Nobuyuki ran at full speed toward the hill that had been his childhood thinking place, the occasional item of clothing flying out of his hands and landing forgotten on the ground behind him. I have to get away,the fifteen-year-old thought, and find my real father!
"Nobu-chan!" came a sudden shout.
The hanyou stopped short and whirled around, coming face to face with his childhood friend, Tsumura Mio. He almost dropped the remainder of his clothes he was so startled, and barely managed to hiss at her, "Get away from me!"
"Nobu-chan," the human girl chided, grabbing his hand and leading him up the hill, "that's no way to speak to a girl!"
Shrugging out of her hold, Nobuyuki bellowed, "You don't understand—I'm leaving! If you don't let go, my mother will come for me and take me back to that horrible mate of hers!"
Mio looked over her shoulder; her eyes darkened by sadness at the thought of him leaving, and said, "She's not following." Looking earnestly into his crimson eyes, she whispered, "Please, just a few minutes. Humour me for a few more minutes before you leave me forever, Nobu-chan."
Heaving a sigh but following her up the hill, Nobuyuki cursed his luck as Mio contemplated if what she had to say was needed, and thought of the cruelty of her family earlier that evening…
"I'm going to see Nobu-chan!" Mio exclaimed to her mother. There was a strange feeling in her gut, a feeling that she would soon lose someone close to her, and she was very afraid that it might be Nobuyuki.
Her mother stalked up to her, pieces of the broken mug that Mio had accidentally shattered minutes before in her hands. "Mio," she said sullenly, her hands bleeding from the rough edges of what had once been an expensive clay cup. "He will never love you."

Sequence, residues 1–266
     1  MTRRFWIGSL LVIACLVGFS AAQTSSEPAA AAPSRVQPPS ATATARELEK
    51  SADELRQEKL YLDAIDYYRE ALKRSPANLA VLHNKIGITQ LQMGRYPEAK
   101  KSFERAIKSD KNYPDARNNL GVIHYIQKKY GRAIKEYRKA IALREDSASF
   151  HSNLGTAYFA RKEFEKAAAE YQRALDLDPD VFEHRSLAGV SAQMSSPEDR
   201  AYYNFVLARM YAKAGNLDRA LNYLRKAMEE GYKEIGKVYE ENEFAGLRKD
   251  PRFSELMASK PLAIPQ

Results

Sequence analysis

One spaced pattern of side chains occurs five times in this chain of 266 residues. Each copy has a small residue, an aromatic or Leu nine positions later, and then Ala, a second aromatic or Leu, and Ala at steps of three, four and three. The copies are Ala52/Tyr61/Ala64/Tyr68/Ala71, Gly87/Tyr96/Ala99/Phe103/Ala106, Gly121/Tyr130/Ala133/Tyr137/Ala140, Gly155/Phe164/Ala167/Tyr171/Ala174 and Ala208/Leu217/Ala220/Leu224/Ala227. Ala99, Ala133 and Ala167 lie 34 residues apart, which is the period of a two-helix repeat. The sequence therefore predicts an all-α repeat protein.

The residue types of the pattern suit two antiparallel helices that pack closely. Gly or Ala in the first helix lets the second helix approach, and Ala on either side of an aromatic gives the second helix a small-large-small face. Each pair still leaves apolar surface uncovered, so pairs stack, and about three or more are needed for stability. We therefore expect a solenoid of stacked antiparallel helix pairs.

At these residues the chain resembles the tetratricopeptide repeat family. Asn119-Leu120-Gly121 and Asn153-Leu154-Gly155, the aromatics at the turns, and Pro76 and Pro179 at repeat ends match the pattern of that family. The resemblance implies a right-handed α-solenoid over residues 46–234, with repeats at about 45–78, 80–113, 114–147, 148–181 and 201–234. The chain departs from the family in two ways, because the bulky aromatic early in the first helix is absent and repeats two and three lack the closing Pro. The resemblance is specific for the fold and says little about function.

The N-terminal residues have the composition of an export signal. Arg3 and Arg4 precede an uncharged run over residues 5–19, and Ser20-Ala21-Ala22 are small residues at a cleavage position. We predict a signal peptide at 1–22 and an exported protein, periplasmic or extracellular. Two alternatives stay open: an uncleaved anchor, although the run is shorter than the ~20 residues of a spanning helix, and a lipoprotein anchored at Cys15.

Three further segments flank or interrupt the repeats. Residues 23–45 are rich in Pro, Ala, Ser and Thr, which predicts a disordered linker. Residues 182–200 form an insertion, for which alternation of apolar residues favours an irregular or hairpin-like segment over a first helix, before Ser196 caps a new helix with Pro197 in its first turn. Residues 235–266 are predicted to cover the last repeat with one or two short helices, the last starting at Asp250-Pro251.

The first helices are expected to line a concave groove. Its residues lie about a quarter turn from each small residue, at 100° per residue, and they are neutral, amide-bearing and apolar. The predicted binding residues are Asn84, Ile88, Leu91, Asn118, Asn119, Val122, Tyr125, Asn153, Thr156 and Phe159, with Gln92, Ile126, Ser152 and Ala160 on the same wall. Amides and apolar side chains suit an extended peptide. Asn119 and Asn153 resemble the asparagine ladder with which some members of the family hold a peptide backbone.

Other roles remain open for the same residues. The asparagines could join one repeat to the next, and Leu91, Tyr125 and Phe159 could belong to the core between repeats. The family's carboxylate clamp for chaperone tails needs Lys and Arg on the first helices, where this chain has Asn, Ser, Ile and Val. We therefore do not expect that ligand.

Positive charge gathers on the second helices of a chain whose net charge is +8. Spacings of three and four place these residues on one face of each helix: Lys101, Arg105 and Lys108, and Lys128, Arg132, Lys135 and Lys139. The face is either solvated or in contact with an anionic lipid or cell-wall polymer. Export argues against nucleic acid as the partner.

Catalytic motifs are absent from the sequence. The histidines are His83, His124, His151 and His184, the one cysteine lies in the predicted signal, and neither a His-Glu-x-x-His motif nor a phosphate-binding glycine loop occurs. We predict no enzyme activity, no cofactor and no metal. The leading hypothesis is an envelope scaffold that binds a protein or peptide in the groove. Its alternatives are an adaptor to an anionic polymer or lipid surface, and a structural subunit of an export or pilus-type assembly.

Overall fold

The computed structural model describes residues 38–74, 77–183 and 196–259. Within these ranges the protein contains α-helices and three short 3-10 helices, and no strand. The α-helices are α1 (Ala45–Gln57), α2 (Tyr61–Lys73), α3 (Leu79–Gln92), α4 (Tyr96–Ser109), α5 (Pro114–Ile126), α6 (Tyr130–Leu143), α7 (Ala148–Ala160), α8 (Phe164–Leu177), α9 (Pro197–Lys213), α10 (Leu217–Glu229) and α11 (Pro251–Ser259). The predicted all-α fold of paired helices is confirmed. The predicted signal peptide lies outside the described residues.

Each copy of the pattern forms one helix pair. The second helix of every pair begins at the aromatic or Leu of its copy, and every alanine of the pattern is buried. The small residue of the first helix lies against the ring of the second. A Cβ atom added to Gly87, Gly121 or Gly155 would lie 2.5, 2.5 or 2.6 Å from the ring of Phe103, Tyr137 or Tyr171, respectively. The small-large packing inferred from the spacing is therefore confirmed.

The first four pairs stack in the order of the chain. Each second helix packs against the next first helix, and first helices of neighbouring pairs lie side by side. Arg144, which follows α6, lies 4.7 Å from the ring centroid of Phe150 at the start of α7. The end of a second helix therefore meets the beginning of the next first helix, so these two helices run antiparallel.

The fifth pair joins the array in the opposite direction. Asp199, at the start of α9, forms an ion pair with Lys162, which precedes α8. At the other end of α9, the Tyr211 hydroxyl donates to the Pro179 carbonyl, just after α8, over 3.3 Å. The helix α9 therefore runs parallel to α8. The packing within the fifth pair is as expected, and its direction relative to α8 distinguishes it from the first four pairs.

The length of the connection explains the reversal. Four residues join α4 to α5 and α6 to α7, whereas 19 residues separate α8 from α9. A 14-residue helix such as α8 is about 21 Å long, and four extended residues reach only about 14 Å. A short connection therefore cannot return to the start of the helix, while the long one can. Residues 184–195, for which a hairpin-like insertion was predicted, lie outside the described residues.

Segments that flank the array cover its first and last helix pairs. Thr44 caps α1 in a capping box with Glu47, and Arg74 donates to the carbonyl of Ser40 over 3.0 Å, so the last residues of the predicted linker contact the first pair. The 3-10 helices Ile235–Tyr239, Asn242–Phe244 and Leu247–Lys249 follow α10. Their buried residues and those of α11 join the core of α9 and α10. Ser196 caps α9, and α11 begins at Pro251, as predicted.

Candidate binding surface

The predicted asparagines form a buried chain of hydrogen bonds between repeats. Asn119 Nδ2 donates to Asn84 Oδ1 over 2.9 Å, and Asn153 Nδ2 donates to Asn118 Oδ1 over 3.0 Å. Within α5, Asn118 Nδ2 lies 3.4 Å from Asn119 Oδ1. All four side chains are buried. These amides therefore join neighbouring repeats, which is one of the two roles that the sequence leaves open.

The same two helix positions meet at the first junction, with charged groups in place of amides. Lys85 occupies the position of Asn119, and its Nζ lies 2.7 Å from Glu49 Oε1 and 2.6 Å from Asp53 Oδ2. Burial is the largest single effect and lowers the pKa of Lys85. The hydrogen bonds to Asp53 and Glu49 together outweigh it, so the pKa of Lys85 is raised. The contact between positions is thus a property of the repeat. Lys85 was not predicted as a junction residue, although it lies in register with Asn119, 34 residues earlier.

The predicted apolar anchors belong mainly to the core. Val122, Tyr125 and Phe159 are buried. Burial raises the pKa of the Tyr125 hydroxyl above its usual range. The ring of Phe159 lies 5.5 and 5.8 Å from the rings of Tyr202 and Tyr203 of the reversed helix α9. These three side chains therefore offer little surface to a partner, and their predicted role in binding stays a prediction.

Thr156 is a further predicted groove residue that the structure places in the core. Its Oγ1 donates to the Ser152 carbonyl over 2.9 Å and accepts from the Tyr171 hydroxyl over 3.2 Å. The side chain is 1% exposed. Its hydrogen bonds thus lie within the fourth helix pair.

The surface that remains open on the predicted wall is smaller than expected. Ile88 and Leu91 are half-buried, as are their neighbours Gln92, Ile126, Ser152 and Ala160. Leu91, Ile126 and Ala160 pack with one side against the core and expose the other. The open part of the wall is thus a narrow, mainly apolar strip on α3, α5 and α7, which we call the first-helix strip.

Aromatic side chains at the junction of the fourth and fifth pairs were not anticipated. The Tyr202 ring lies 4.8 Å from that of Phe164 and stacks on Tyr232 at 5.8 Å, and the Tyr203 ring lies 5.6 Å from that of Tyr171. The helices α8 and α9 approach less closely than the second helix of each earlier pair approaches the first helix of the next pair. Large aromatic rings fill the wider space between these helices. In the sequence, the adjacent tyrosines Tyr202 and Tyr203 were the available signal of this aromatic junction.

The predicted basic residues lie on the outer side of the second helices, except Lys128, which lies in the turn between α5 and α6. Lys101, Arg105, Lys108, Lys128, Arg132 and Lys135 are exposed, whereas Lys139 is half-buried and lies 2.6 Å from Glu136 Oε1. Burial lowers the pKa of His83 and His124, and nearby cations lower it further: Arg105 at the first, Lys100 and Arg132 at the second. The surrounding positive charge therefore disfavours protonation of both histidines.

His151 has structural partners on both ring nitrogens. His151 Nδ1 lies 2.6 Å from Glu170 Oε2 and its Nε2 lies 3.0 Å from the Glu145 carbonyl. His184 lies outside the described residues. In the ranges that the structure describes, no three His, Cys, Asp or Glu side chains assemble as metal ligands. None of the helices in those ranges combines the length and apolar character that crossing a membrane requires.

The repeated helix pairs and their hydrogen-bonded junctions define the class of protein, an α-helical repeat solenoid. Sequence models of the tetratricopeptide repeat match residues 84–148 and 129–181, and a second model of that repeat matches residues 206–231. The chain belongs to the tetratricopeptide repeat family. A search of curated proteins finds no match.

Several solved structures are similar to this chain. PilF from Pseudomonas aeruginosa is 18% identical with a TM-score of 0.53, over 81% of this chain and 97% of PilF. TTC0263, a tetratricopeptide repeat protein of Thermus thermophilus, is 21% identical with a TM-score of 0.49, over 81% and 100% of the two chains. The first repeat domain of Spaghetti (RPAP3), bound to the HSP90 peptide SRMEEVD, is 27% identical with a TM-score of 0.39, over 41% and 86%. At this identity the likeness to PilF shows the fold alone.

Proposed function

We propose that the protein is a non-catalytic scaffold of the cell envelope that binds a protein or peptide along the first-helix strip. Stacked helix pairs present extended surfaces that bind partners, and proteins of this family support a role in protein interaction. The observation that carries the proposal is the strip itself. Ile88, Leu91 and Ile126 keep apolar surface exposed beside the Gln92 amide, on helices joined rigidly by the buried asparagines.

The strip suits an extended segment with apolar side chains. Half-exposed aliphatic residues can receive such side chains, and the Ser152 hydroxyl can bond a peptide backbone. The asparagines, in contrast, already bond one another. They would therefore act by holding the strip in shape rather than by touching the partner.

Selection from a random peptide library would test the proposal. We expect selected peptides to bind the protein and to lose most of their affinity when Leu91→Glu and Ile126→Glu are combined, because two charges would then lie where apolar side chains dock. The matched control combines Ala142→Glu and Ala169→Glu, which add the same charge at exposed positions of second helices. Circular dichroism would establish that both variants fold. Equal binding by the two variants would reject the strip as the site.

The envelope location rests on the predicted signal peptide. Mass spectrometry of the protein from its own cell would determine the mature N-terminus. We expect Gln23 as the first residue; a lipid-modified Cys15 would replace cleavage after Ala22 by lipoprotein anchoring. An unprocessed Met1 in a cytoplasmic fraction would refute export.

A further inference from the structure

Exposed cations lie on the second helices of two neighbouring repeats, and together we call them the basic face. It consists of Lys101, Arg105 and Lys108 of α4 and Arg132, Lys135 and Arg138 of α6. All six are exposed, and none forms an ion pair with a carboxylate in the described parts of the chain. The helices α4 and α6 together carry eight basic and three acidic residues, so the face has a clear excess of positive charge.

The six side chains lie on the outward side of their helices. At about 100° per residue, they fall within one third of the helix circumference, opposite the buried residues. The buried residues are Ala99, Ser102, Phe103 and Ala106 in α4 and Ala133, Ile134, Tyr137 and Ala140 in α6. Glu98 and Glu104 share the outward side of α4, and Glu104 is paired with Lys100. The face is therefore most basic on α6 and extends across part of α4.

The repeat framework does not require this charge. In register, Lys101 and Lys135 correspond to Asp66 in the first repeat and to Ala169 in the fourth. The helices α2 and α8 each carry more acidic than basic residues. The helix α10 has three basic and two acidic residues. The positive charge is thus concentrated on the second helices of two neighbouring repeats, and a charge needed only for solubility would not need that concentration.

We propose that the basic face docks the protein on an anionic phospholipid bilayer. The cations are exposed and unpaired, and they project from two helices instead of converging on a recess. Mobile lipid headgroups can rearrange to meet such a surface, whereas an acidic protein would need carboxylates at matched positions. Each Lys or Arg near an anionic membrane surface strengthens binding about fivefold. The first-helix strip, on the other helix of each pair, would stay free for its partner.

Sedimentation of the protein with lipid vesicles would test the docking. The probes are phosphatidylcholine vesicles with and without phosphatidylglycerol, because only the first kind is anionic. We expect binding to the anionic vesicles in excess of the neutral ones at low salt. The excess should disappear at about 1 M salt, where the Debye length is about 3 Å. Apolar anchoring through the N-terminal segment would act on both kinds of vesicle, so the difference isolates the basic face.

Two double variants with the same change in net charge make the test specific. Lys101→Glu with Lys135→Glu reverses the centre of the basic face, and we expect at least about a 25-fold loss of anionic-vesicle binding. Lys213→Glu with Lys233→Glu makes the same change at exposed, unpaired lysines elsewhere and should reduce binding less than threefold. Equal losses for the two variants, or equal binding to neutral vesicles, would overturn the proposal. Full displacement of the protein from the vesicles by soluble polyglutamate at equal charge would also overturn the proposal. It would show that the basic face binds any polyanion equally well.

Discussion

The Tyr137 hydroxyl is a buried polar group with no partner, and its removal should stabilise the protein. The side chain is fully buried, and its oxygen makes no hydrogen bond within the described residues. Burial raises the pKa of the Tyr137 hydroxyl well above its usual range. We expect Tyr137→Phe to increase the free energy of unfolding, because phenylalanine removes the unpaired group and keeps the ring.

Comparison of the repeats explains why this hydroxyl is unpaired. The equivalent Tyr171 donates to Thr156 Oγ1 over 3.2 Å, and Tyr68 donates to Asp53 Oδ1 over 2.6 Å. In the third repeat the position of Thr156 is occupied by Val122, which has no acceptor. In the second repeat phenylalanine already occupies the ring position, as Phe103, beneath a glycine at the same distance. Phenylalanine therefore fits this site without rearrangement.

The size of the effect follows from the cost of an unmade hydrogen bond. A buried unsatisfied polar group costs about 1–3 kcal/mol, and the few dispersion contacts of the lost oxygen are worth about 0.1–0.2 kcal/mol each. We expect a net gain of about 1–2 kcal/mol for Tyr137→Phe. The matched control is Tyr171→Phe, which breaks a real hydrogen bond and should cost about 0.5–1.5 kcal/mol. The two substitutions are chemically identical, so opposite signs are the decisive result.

Mio froze from where she had been halfway to the door, and turned slowly around. "Why… why would you say something like that?" she had cried, somewhat shrilly, but she never received an answer, nor had she given her mother time to answer, for the girl had rushed out the door immediately afterwards.
"Here we are!" Mio announced, tugging herself out her thoughts as they reached the top of the hill. "I love this place… remember how we would always sneak out to play?" But then, her cheerfulness gone, she turned to him. "It's also the place I saw your other form for the first time, Nobuyuki-kun."
"Let's stay out after dark!" Mio remembered insisting as the sun had gone down; she had been tugging a small Nobuyuki after her. "Come on, Nobu-chan, it'll be really fun!"
I forced you, Nobuyuki-kun, Mio thought as she painfully recalled the incident, how he had changed into something monstrous on that night of the new moon, and how she had let out a long scream and ran away from his pained eyes.
"After that, Nobuyuki-kun," recalled Mio aloud, staring at her toes, "you started to avoid me." Then, she hesitated, knowing she was lying.
No… I was the once who started distancing myself first.
Collapsing down on a tree stump and not daring to meet his surprised eyes, Mio said, "Nobuyuki-kun, for a long time, I felt guilty that I had ever been born. After all, I was the one person who could never do anything right, and, as if we weren't poor enough, I kept causing us to lose more and more money. I thought I was the worst person on earth.
"But then, I met you, and I was… relieved." She laughed shortly, bitterly. "I realized that, compared to you, I had it easy."
Compared to a kid who was hated by all just because of his race… I wasn't so bad after all.
"And suddenly, I could feel good about myself. I was always," her heart went cold as this realization hit her, "looking down on you, Nobuyuki-kun."
When the hanyou didn't respond, Mio brought her hands to her face, hiding her big green eyes. It's terrible, she thought. That day I ran away from you, I was so afraid.